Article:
Controversial Nunes Memo Released Following Formal Approval From Trump
Updated 12:23 p.m. ET
President Trump joined his Republican allies on Friday in piling on with attacks about "bias" in the FBI and the Justice Department as Washington, D.C., waited on tenterhooks for the release of a controversial secret spying memo.
The White House said Trump has reviewed the memo and approved its full declassification. The House Intelligence Committee then posted it online.
Trump said the memo confirmed bad conduct by his enemies inside the federal law enforcement world.
"I think it's terrible. It's a disgrace what's going on in this country," Trump told reporters. "When you look at that, and you see that, a lot of people should be ashamed of themselves and much worse than that."
The FBI and Justice Department both are led by leaders nominated by Trump and confirmed by Republican majorities in the Senate. But the president and his allies say those same agencies are out to get him. He made that case on Twitter earlier in the day.
Trump tried to draw a line, however, in saying workday G-men and G-women aren't part of this: "Rank & File are great people!" he wrote.
The top Leadership and Investigators of the FBI and the Justice Department have politicized the sacred investigative process in favor of Democrats and against Republicans - something which would have been unthinkable just a short time ago. Rank & File are great people!— Donald J. Trump (@realDonaldTrump) February 2, 2018
Trump also quoted a supporter, Judicial Watch president Tom Fitton, who explained how he said the case connected to former Democratic presidential rival Hillary Clinton.
Trump's allies in Congress, led by Intelligence Committee Chairman Rep. Devin Nunes, R-Calif., say the real Russia scandal is the FBI conspiracy that they say launched a scurrilous investigation into whether Trump's campaign conspired with the Russians who attacked the 2016 election.
The FBI and Justice Department deny they've done anything wrong, and they oppose the public release of the memo Nunes drafted making his case.
Critics complain Trump and his allies are simply dirtying up federal law enforcement in order to raise doubts among their supporters about whatever eventually issues from the office of Justice Department special counsel Robert Mueller.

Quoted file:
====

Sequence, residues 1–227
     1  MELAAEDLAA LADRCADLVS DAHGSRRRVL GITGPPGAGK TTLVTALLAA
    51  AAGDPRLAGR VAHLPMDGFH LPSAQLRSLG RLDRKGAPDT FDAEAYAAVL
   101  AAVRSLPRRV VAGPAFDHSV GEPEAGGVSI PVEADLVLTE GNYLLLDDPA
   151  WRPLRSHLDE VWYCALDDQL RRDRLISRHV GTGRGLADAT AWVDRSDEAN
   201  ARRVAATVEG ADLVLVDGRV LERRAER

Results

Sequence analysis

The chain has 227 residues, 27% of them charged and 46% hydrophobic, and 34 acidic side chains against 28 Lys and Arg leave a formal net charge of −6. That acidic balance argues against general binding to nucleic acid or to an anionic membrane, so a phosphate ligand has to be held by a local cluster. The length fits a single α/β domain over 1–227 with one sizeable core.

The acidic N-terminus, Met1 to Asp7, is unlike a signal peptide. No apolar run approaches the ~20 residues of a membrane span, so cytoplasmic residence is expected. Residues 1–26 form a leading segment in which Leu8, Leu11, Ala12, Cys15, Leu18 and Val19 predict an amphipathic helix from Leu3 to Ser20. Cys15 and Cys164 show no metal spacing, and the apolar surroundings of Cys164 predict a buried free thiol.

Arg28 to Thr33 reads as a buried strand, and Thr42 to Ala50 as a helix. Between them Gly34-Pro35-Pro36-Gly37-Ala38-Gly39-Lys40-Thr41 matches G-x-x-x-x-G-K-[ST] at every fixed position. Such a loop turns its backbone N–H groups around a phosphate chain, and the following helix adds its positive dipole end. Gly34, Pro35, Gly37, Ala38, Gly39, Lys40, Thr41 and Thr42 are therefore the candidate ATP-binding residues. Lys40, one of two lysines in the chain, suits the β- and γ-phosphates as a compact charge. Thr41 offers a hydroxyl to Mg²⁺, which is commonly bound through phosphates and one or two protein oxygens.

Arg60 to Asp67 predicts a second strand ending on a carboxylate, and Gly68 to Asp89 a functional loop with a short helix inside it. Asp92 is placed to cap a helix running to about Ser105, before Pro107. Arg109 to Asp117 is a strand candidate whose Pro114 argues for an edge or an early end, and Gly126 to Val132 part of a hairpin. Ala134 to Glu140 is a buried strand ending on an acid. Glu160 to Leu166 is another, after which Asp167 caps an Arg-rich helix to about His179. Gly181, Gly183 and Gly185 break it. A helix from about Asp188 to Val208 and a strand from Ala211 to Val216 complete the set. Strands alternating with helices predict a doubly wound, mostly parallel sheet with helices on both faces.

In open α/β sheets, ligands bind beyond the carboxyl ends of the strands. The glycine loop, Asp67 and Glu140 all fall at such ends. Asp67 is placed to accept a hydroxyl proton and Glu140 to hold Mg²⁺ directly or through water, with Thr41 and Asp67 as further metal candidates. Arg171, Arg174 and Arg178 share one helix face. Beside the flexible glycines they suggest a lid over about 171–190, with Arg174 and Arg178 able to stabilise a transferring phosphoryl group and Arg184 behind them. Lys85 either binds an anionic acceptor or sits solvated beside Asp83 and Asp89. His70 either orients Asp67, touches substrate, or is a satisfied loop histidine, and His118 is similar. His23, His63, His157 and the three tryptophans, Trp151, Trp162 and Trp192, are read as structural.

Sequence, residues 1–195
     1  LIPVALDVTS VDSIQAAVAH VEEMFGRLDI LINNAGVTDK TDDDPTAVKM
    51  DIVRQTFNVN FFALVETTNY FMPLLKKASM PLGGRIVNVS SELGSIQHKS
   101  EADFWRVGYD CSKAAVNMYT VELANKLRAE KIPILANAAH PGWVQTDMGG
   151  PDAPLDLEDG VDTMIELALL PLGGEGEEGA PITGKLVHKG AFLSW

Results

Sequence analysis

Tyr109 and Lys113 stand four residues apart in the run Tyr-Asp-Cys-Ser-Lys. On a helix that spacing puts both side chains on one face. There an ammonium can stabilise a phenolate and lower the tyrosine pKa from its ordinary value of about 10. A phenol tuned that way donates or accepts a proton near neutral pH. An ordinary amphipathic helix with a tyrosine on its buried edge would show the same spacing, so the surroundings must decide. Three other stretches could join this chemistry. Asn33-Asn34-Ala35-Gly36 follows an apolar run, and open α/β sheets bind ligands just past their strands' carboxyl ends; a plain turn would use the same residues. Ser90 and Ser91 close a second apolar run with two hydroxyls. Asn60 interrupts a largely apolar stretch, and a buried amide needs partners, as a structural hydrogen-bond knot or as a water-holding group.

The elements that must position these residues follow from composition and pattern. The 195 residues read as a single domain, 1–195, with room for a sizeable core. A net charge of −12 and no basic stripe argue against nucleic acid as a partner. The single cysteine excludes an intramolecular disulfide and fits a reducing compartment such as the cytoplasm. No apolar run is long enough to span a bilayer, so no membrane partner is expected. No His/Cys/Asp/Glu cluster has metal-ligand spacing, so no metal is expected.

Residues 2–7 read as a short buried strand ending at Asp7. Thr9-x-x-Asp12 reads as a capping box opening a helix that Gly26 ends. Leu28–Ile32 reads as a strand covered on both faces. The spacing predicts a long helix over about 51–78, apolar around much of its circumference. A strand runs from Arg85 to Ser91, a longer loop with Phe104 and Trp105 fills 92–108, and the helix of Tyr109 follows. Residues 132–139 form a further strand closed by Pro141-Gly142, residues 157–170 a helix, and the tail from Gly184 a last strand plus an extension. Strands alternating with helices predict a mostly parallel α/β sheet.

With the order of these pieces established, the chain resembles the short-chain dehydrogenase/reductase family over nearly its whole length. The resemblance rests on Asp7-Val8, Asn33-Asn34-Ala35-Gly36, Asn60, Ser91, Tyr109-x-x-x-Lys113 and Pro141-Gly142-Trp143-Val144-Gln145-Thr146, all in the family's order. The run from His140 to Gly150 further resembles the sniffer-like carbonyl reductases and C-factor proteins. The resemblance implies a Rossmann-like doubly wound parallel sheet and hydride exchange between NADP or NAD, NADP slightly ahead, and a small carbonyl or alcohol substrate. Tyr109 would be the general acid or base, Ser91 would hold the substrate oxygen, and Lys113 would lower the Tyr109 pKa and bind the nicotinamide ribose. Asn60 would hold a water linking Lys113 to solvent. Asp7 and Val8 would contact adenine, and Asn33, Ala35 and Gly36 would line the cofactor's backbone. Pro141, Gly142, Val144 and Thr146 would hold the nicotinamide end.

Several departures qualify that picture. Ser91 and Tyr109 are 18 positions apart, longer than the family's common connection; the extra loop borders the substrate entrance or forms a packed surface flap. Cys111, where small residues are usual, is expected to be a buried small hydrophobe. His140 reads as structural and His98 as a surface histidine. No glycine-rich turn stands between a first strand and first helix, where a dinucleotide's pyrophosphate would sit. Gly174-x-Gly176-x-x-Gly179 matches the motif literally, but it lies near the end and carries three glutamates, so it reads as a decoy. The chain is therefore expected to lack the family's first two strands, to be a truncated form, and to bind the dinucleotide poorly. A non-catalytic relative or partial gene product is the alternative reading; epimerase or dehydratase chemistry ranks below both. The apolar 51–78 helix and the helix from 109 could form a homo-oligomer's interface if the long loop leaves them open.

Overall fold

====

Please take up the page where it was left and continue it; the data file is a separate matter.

Senate Armed Services Committee Chairman John McCain, R-Ariz., lamented on Friday that the controversy over the memo had stolen the focus of officialdom from Russian President Vladimir Putin's attack on Western democracies that began two years ago.
"The latest attacks on the FBI and Department of Justice serve no American interests — no party's no president's, only Putin's," McCain said. "The American people deserve to know all of the facts surrounding Russia's ongoing efforts to subvert our democracy, which is why special counsel Mueller's investigation must proceed unimpeded."
Mueller is also understood to be investigating whether Trump tried to frustrate his investigation into the Russian interference in the election, and if so, whether he or anyone else broke the law by obstructing justice.
Nunes' memo is Republicans' latest gambit in their defense of the president. They've also complained that former President Barack Obama ordered Trump Tower wiretapped during the 2016 campaign, that Obama aides improperly "unmasked" Trump aides and that Mueller withheld evidence from Congress about a 2010 uranium mining sale.
The Nunes memo has been described as making the case that the FBI and Justice Department withheld evidence from the Foreign Intelligence Surveillance Court in asking for a surveillance warrant for use against Trump's campaign.
The Intelligence Committee voted Monday to make the memo public, starting the process that paid off on Friday afternoon.
Critics said the memo saga marked a new low point in the already-contentious relationship between America's intelligence agencies and the congressional committees that are supposed to oversee them.
Former Republican Rep. Mike Rogers, who served as the previous chairman of the House Intelligence Committee, said he thought the episode meant that panel has lost its credibility.
"Unfortunately I do," he told NPR. "And it's not necessarily even the credibility from the public perspective. I know for a fact [people in the intelligence community] don't trust Republicans and Democrats on this committee anymore to keep a secret in the intelligence community."